Critical Security Flaws Discovered in Samsung Knox Give Hackers Full Control of Android Devices
It's been an explosive month for Samsung, and apparently not just for its hardware. Security experts have revealed at least three vulnerabilities (CVE-2016-6584) in Samsung Knox that could give hackers "full control" of Samsung devices.
Security flaws discovered in Samsung Knox
Samsung KNOX is an umbrella term used by Samsung for a collection of security features that are employed in the Android operating system used in the company's mobile devices. Samsung announced Knox in early 2013 as an end-to-end security solution for Android. Following earlier Tel Aviv research, Israeli security firm Viral Security Group has now disclosed three new privilege escalation vulnerabilities in a white paper published today. The flaws exist in a module called Real-time Kernel Protection - or, TIMA RKP. RKP is responsible for defending the system against kernel exploits.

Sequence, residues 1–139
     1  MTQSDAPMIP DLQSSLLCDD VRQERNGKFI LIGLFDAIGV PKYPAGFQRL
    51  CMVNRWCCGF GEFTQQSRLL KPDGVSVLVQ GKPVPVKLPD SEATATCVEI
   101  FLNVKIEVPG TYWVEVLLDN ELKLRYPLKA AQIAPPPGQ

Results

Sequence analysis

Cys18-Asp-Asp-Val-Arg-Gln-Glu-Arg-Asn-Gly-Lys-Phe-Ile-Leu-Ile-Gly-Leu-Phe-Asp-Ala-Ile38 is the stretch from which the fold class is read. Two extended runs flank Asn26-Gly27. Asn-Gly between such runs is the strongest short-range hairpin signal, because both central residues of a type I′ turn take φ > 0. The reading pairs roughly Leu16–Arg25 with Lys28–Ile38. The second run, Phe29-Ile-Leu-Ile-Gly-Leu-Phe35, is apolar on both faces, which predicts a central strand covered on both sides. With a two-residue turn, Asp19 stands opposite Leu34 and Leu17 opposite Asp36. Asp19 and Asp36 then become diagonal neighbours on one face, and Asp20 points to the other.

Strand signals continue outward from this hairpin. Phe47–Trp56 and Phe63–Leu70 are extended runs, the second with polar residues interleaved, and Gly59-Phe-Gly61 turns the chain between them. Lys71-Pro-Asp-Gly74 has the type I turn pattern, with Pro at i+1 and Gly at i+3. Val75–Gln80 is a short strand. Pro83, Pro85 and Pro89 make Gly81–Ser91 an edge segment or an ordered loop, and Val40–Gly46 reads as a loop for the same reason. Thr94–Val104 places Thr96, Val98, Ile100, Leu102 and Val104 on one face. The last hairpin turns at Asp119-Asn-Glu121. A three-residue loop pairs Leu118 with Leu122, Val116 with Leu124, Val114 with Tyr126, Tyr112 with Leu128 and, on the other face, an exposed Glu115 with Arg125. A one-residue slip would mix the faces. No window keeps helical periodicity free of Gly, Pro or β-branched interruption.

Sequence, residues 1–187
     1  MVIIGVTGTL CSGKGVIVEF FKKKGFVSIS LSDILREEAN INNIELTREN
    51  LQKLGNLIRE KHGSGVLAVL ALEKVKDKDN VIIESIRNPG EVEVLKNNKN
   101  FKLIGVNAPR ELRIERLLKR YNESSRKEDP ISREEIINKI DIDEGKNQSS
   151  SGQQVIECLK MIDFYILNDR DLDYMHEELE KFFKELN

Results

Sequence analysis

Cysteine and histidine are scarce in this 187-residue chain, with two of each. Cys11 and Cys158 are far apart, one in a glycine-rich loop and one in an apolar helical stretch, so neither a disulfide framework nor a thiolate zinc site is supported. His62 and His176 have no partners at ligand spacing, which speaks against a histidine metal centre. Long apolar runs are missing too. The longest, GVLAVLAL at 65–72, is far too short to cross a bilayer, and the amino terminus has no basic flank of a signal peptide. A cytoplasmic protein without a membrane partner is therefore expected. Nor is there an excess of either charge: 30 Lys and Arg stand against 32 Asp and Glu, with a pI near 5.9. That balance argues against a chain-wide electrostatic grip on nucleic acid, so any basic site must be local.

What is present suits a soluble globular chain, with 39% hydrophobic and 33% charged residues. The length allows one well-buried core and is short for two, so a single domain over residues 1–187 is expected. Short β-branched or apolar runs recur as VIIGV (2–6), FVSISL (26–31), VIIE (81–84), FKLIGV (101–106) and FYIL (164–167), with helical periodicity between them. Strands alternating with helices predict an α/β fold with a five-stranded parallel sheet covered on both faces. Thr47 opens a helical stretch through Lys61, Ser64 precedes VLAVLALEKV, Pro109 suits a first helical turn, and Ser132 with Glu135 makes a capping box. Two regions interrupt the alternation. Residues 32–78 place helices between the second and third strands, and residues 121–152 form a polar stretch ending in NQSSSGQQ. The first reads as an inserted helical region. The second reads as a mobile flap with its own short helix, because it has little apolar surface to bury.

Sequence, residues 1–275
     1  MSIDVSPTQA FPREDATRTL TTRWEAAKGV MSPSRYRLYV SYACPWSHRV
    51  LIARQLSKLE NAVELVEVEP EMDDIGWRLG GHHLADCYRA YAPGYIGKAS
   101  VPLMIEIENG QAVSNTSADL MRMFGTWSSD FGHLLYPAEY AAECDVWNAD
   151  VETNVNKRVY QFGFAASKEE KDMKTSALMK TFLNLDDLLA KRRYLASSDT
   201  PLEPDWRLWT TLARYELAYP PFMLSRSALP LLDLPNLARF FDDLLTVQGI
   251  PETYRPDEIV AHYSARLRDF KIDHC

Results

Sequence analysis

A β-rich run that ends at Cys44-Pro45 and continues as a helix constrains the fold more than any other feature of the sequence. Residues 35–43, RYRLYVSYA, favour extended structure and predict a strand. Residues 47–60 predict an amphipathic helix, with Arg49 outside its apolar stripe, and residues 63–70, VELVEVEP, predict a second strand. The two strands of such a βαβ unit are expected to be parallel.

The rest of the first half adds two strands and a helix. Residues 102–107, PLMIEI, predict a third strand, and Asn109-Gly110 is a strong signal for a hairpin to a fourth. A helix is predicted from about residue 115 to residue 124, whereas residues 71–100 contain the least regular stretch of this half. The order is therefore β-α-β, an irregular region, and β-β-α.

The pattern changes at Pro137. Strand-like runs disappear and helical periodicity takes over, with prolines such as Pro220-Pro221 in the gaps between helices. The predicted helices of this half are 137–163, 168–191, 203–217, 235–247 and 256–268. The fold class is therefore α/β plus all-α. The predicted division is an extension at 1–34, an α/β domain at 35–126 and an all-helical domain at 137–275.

Knox is designed to enhance security of the operating system. However, the flaws allowed full control of the Samsung Galaxy S6 and Note 5 that were used during the testing process. The exploits required an existing flaw to work. Viral's security research team used an existing kernel vulnerability known as a write-what-where flaw, CVE-2015-1805. The group clarified that "any such vulnerability can be used" to exploit the flaws.
"Once you have the existing vulnerability this one overcomes all of Samsung's protection mechanisms and gives you complete control of the device." the group's founder told Wired. The team was then able to avoid protections of the RKP and execute their own code.
These vulnerabilities allowed complete control of the devices. "Malicious access to the system account can be used, for instance, to replace legitimate applications with rogue versions, with access to all available permissions, without the user’s notice," the white paper said.
The group informed Samsung of these vulnerabilities earlier in the year, which were patched in the May security update. Samsung says customers should keep their software and apps updated. However, older devices may remain at risk, as not many devices receive these security updates regularly.